Walking together is also a great learning experience. The guide will take you to some of the local schools and learn about the local education system while interacting with the students and pupils. A particularly fun activity on these neighborhood walks is the many local art shops selling local paintings, knitwear, beautiful flower pots, and more.
See, Listen, And Dance To Traditional Music, Dance, And Drama:
Music, dance, and drama define African tradition and culture because it creates a sense of belonging. For visitors interested in traditional music, the Iby’iwacu Cultural Village offers the opportunity to listen to several unique local music, including Ingoma, Amakondera, Umuduri, Inanga, Inikiri, Ibyivugo, and Agakenke. Each sound is unique, with specific instruments and dance styles/steps.
Nature is an example. This popular samurai dance is performed by men in straw robes with small bells around their legs, holding spears in mock battles, or as a way to celebrate victory over an enemy. These smiling and happy young men and women will eagerly invite you to dance or at least learn to play the drums.
Visit the Royal Palace:
One of the most fun things to do while visiting the Iby’iwacu Cultural Village is to visit the Royal Palace, which shows how the ancient kings ruled and ruled their courts.
The old kings of Rwanda were not only feared but also fully respected. The king has supreme power and will make decisions that must be carried out without further questions. All royal activities and ceremonies take place in the royal palace under the supervision of kings, queens, princesses, princes, clan leaders, and high-ranking visitors. The residence of King Iby’iwacu paints an accurate picture of the setting of an ancient African kingdom, where all the symbols represent power, including information about each clan. The guide will help you explain and answer all your questions by looking at each character.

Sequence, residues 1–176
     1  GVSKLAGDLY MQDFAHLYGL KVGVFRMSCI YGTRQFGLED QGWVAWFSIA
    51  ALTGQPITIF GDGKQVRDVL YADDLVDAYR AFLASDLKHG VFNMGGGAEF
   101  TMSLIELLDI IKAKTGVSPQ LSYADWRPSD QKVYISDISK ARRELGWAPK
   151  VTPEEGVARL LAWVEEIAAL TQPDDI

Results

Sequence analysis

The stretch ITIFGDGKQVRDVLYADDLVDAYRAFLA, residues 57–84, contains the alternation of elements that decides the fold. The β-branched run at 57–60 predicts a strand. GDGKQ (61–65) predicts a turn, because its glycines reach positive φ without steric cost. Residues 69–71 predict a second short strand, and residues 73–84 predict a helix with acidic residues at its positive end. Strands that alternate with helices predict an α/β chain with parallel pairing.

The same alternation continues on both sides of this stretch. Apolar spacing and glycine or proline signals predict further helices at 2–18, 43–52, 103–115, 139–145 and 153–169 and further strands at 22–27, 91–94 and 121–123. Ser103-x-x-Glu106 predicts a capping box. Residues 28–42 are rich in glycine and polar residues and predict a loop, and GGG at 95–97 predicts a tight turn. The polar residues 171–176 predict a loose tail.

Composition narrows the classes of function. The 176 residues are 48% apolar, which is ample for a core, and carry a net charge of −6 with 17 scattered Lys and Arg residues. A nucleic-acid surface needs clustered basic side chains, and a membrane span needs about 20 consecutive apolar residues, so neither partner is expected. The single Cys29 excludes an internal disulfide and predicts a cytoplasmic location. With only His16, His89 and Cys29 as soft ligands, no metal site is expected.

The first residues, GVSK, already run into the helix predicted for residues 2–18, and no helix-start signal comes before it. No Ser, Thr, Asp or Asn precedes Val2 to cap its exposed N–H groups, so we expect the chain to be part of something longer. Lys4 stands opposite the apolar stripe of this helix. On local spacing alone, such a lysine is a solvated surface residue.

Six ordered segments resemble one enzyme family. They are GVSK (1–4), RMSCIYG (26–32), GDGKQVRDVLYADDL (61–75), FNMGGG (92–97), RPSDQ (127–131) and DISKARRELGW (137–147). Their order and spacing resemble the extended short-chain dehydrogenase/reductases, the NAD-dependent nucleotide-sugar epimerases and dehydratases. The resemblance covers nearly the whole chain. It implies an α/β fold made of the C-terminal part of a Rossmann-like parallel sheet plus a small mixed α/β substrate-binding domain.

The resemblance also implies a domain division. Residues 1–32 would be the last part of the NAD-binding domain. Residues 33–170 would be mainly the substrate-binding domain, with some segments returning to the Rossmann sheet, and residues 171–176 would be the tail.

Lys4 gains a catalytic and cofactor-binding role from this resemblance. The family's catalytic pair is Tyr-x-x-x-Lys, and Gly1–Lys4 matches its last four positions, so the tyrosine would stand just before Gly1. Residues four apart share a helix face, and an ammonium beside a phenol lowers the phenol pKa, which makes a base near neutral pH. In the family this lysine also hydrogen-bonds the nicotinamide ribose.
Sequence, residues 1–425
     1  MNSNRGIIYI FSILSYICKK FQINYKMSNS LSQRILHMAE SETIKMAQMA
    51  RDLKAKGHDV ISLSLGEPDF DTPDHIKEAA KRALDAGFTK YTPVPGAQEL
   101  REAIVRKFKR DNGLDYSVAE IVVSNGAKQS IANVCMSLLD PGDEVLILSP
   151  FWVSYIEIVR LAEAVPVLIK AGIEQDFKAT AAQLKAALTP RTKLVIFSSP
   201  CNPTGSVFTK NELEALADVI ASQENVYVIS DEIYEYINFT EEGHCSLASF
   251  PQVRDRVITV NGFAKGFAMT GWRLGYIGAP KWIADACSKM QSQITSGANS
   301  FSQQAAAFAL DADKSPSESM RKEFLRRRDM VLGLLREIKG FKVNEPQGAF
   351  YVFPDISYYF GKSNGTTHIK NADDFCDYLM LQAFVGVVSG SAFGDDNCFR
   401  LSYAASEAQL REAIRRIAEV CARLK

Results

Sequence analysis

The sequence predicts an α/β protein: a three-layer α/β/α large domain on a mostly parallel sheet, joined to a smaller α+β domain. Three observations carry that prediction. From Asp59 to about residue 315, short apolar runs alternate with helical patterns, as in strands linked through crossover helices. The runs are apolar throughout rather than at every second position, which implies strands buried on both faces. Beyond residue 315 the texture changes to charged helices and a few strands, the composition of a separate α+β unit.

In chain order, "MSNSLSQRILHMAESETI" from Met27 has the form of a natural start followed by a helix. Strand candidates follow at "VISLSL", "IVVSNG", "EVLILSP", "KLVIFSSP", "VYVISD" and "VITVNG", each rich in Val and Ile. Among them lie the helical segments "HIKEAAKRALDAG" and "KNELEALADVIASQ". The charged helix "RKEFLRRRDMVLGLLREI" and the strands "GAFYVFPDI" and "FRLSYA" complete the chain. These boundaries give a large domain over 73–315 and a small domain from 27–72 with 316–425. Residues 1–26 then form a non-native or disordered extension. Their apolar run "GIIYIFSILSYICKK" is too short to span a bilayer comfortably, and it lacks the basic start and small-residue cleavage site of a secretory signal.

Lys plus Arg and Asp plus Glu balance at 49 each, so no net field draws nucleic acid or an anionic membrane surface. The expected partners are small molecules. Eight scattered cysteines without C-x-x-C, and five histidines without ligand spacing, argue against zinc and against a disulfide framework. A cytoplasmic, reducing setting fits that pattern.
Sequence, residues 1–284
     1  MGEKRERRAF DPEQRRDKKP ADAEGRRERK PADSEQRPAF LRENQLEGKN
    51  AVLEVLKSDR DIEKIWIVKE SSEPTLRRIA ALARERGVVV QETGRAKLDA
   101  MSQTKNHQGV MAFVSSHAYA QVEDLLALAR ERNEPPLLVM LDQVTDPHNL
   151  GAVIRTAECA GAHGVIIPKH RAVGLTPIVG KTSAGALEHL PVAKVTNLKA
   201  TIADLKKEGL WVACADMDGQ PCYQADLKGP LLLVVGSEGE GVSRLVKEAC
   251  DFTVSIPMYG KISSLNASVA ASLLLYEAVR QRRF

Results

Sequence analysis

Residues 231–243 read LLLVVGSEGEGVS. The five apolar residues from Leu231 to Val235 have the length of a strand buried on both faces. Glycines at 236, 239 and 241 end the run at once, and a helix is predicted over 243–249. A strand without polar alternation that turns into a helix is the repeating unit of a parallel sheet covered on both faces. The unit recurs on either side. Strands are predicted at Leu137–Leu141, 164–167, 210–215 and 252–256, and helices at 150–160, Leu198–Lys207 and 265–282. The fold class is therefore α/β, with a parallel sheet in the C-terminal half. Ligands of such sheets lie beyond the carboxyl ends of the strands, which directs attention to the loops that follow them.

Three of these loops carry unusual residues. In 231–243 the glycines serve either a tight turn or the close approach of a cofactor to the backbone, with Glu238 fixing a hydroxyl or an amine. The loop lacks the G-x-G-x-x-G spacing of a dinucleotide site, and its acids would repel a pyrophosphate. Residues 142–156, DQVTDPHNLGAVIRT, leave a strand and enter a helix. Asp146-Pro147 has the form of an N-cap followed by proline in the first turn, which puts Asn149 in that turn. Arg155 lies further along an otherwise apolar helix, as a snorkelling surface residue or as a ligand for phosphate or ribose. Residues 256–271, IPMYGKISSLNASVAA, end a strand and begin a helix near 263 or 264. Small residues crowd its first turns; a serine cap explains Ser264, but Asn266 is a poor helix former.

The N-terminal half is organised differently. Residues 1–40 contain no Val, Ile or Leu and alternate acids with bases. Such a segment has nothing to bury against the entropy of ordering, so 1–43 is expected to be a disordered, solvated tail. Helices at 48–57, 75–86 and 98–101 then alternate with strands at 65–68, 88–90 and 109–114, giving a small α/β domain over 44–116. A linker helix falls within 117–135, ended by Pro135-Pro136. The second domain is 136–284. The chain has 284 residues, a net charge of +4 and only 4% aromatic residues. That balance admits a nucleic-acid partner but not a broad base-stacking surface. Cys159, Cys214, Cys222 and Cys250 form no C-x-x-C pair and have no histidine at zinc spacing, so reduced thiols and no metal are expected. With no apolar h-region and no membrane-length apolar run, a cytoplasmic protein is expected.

Meet a Traditional Healer at Iby’iwacu Cultural Village
In ancient times (and even today), traditional healers played an important role in their societies. People turned to them when they had any ailments. These traditional healers use medicinal plants, branches, roots, and shrubs to help heal certain ailments. Healers know how to use these substances and have studied their use over the years based on knowledge and ideas passed down through thousands of generations.
They proudly tell how traditional medicine survived the colonial era and is still relevant in the modern era. At the Gorilla Guardian Cultural Village, you will meet traditional healers who want to show you how local medicine works. Because they use natural remedies, you can try some local herbs – you may be surprised to find a cure or relief from an illness you’ve been battling for years.
Visit the Batwa Community:
The Batwa pygmies are former forest hunters and fruit gatherers who once lived in the dense forests of Rwanda and Uganda. Decades ago, the government kicked them out of the forest and settled in new areas outside the forest. Some of them are located in the Iby’iwacu Cultural Village. Since engaging in life outside the forest and taking advantage of the opportunities offered by tourism, the Batwa have contributed greatly to tourism in Uganda and Rwanda. Abandoning poaching and forest hunting and gathering, the Batwa learned ceramics, art, design, dance, and drama. At the Iby’iwacu Cultural Village, you will admire their demonstrated hunting skills such as setting animal traps, using spears, bows, and more.